These are just a few of the many examples of gangs killing deportees among arriving in their home countries that have been tracked down and reported. They came to the United States hoping and seeking for safety, only to be rejected and placed directly back into violence that they were trying to escape.

We, the American people, must get out there and protest alongside our fellow immigrant neighbors, friends, and strangers because we are all descendants of immigrants or are immigrants ourselves - some of us just arrived earlier and from farther places than others.

Cover Image Credit: 10 TV

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I'd Rather Be Single Than Settle – Here Is Why Being Picky Is Okay

They're on their best behavior when you're dating.
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Dating nowadays described in one word: annoying.

What's even more annoying? when people tell you that you're being too "picky" when it comes to dating. Yes, from an outside perspective sometimes that's exactly what it looks like; however, when looking at it from my perspective it all makes sense.

I've heard it all:

"He was cute, why didn't you like him?"

"You didn't even give him a chance!"

"You pay too much attention to the little things!"

What people don't understand is that it's OKAY to be picky when it comes to guys. For some reason, girls in college freak out and think they're supposed to have a boyfriend by now, be engaged by the time they graduate, etc. It's all a little ridiculous.

However, I refuse to put myself on a time table such as this due to the fact that these girls who feel this way are left with no choice but to overlook the things in guys that they shouldn't be overlooking, they're settling and this is something that I refuse to do.

So this leaves the big question: What am I waiting for?

Well, I'm waiting for a guy who...

1. Wants to know my friends.

Blessed doesn't even begin to describe how lucky I am to have the friends that I do.

I want a guy who can hang out with my friends. If a guy makes an effort to impress your friends then that says a lot about him and how he feels about you. This not only shows that he cares about you but he cares about the people in your life as well.

Someone should be happy to see you happy and your friends contribute to that happiness, therefore, they should be nothing more than supportive and caring towards you and your friendships.

2. Actually, cares to get to know me.

Although this is a very broad statement, this is the most important one. A guy should want to know all about you. He should want to know your favorite movie, favorite ice cream flavor, favorite Netflix series, etc. Often, (the guys I get stuck on dates with) love to talk about themselves: they would rather tell you about what workout they did yesterday, what their job is, and what they like to do rather than get to know you.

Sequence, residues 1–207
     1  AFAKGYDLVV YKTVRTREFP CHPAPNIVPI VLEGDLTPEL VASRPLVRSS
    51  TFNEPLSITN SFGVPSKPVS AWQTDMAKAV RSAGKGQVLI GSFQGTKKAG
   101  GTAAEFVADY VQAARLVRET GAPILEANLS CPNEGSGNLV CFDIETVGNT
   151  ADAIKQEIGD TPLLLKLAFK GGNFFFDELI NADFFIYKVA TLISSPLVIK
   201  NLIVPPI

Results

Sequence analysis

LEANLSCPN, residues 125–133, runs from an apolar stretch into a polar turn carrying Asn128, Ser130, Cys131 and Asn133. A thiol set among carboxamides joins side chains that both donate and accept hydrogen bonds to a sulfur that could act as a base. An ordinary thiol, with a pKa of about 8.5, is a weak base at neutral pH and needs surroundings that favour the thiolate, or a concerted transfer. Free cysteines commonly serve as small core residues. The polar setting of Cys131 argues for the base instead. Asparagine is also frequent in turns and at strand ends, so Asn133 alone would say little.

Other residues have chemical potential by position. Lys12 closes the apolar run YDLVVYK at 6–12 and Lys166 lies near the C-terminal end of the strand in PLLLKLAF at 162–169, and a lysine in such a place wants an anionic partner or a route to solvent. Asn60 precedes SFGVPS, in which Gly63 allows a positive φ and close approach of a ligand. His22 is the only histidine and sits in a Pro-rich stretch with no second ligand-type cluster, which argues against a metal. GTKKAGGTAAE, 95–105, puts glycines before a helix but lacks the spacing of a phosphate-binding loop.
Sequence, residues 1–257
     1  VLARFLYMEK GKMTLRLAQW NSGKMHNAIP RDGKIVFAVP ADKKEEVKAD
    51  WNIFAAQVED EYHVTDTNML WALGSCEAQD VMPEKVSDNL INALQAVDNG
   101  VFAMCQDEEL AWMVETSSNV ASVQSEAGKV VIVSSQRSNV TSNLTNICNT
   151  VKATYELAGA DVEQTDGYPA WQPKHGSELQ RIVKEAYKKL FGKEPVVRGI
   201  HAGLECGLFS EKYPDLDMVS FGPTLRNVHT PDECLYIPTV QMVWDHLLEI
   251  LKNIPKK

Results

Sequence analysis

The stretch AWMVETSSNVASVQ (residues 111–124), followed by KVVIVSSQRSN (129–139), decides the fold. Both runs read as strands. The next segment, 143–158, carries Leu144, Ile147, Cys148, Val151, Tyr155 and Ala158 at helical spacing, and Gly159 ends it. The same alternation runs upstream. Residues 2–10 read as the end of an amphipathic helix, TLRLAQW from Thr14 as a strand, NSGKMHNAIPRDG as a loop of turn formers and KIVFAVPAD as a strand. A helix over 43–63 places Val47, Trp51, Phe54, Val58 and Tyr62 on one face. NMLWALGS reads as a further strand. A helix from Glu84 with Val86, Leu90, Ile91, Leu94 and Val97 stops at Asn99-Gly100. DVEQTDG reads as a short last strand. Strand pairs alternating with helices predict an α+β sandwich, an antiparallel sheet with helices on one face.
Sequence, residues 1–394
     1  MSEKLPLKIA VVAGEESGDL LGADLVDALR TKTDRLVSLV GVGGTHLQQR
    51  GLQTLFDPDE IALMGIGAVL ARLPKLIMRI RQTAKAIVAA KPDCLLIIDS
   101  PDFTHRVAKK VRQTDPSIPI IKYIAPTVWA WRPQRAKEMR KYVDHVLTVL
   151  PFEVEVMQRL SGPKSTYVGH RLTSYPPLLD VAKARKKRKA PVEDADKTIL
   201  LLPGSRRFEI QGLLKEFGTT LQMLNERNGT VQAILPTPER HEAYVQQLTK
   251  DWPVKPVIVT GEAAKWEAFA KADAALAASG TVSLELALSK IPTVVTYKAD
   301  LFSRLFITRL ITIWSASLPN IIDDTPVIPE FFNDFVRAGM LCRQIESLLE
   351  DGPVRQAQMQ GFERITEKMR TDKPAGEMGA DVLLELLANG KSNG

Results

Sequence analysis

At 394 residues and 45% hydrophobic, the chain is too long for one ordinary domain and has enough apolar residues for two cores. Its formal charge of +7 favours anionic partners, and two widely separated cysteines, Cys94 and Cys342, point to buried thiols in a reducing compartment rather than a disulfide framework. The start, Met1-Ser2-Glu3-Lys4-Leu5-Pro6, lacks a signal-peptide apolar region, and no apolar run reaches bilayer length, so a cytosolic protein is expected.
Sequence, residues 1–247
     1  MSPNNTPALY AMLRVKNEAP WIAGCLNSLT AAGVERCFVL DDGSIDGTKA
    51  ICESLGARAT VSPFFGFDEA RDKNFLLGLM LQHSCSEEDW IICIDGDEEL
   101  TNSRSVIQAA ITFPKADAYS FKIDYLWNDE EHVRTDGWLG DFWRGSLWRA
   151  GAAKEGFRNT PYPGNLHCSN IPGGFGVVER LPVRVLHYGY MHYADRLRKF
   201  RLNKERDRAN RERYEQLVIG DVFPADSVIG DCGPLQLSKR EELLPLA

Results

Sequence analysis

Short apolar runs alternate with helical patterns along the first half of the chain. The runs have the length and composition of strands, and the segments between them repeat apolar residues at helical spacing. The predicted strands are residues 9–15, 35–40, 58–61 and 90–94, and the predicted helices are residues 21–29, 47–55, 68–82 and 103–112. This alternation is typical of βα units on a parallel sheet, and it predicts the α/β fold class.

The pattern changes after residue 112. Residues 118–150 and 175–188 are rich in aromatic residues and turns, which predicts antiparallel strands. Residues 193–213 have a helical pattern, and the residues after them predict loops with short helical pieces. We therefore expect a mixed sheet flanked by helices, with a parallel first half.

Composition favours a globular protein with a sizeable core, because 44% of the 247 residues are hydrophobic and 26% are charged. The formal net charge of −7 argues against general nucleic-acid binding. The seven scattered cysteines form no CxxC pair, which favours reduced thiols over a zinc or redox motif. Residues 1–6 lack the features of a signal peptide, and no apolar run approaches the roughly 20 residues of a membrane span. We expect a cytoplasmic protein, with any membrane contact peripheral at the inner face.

This is something easy to spot on the first date, so although they may be "cute," you should probably drop them if you leave your date and can recite everything about their life since the day they were born, yet they didn't catch what your last name was.

3. How they talk about other women.

It does not matter who they're talking about, if they call their ex-girlfriend crazy we all know she probably isn't and if she is it's probably their fault.

If they talk bad about their mom, let's be honest, if they're disrespecting their mother they're not going to respect you either. If they mention a girl's physical appearances when describing them. For example, "yeah, I think our waitress is that blonde chick with the big boobs"

Well if that doesn't hint they're a complete f* boy then I don't know what else to tell you. And most importantly calling other women "bitches" that's just disrespectful.

Needless to say, if his conversations are similar to ones you'd hear in a frat house, ditch him.

4. Phone etiquette.

If he can't put his phone down long enough to take you to dinner then he doesn't deserve for you to be sitting across from him.

If a guy is serious about you he's going to give you his undivided attention and he's going to do whatever it takes to impress you and checking Snapchat on a date is not impressive. Also, notice if his phone is facedown, then there's most likely a reason for it.

He doesn't trust who or what could pop up on there and he clearly doesn't want you seeing. Although I'm not particularly interested in what's popping up on their phones, putting them face down says more about the guy than you think it does.

To reiterate, it's okay to be picky ladies, you're young, there's no rush.